Sample size requirements for prospective studies, with examples for coronary heart disease

J Clin Epidemiol. 1989;42(7):639-48. doi: 10.1016/0895-4356(89)90007-3.


Methods of determining the required number of disease cases for estimation of relative odds in prospective studies are evaluated, with examples from coronary heart disease. Data from a British prospective study of coronary heart disease are used in simulation exercises to assess the reliability of estimation formulae for both continuous and categorical risk factors. For continuous risk factors, a univariate formula based on estimation of the standardized relative odds (Whittemore A. S. JAMA 1981; 76: 27-32 [1]), gives reliable estimation of the required number of disease cases, provided the risk factor has a near normal distribution. An extension of the formula to adjustment for other risk factors, was less satisfactory, perhaps because of departures from multivariate normality. For categorical risk factors, an adaption of a univariate method for case control studies (Smith PG, Day NE. Int J Epidemiol 1984; 13: 356-365 [2]), gives reliable estimates of the number of cases required. However, this depends on approximate prior knowledge of the relative odds. In general, prospective studies of coronary heart disease risk factors should aim for at least 400 cases to enable sufficient accuracy of estimation.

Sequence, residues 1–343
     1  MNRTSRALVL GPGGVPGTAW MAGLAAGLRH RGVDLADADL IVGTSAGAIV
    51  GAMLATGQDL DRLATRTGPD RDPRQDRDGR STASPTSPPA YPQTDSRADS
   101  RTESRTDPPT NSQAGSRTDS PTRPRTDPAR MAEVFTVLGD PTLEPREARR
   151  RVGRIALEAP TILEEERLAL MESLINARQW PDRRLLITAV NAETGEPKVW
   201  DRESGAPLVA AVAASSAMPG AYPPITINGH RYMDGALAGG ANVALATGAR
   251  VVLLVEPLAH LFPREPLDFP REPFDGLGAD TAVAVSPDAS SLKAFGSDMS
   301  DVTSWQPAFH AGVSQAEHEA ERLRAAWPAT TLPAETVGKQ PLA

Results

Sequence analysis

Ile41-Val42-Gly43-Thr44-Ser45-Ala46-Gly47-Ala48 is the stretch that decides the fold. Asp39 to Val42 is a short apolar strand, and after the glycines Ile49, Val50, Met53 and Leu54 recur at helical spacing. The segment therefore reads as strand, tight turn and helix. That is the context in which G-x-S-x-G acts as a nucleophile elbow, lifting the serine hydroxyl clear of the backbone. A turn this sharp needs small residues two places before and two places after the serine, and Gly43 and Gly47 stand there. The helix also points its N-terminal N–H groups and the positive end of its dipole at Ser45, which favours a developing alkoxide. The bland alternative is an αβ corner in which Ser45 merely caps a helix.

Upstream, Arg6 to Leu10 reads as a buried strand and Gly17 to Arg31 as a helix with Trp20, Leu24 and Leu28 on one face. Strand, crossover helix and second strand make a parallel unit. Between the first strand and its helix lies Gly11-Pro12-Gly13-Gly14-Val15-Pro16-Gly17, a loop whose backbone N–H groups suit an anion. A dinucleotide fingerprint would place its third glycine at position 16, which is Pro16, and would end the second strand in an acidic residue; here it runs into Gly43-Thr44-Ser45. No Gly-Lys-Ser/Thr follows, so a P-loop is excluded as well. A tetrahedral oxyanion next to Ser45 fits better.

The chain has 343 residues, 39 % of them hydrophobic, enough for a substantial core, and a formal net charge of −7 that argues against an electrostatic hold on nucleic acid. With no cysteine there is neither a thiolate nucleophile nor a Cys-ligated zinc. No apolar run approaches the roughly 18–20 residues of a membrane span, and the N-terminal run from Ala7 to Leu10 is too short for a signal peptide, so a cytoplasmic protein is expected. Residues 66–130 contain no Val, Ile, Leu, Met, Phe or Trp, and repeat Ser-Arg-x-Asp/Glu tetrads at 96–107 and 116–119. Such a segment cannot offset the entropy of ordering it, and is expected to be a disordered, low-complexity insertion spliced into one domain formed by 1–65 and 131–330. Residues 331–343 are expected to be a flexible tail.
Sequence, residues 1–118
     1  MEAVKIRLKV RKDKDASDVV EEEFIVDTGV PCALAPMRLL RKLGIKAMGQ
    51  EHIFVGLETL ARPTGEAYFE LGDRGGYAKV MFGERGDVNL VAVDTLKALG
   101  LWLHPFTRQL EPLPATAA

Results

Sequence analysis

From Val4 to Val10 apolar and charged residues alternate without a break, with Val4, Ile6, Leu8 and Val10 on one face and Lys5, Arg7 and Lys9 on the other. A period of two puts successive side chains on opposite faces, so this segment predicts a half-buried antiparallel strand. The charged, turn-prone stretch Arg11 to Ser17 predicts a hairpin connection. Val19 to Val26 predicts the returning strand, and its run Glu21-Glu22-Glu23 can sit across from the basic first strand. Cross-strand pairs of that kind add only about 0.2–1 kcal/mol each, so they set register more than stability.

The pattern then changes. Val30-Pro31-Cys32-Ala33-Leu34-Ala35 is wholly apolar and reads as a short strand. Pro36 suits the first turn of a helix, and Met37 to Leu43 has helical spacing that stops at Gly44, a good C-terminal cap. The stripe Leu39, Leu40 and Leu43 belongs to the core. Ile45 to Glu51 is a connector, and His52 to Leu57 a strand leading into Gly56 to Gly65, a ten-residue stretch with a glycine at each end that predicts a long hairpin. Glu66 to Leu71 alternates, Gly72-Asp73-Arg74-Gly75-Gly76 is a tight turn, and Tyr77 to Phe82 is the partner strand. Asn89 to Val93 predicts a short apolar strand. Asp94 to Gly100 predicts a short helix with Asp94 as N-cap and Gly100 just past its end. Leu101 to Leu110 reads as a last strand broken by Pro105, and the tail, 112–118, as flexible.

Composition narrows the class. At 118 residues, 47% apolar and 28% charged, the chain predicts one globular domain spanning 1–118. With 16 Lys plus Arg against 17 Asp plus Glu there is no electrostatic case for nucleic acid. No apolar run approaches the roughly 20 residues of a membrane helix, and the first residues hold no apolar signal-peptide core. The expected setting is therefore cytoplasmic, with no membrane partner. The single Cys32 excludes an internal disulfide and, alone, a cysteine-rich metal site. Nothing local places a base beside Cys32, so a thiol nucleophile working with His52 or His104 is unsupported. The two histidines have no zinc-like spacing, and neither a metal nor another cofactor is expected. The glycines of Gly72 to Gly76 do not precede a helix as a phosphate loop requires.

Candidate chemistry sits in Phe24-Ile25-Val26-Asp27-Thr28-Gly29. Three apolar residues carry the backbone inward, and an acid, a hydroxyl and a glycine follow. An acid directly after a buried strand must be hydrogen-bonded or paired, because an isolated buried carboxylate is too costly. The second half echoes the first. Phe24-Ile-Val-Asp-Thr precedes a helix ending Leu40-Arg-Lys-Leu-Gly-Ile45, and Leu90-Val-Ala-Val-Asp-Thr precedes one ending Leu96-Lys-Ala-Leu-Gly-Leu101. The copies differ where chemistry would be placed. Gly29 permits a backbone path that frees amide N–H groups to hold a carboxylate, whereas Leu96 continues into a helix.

MeSH terms

  • Adult
  • Alcohol Drinking
  • Cholesterol, HDL / blood
  • Coronary Disease / etiology*
  • Humans
  • Hypertension / complications
  • Male
  • Middle Aged
  • Prospective Studies*
  • Research Design*
  • Risk Factors
  • Sampling Studies
  • Smoking / adverse effects


  • Cholesterol, HDL